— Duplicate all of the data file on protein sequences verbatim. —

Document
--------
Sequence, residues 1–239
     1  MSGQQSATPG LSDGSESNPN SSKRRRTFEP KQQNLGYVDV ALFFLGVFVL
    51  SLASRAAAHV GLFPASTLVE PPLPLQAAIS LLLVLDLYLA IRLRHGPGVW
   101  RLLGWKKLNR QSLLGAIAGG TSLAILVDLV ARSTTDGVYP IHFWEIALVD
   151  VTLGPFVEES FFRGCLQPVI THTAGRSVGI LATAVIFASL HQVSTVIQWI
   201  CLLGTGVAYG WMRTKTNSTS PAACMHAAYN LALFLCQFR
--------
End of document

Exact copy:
Sequence, residues 1–239
     1  MSGQQSATPG LSDGSESNPN SSKRRRTFEP KQQNLGYVDV ALFFLGVFVL
    51  SLASRAAAHV GLFPASTLVE PPLPLQAAIS LLLVLDLYLA IRLRHGPGVW
   101  RLLGWKKLNR QSLLGAIAGG TSLAILVDLV ARSTTDGVYP IHFWEIALVD
   151  VTLGPFVEES FFRGCLQPVI THTAGRSVGI LATAVIFASL HQVSTVIQWI
   201  CLLGTGVAYG WMRTKTNSTS PAACMHAAYN LALFLCQFR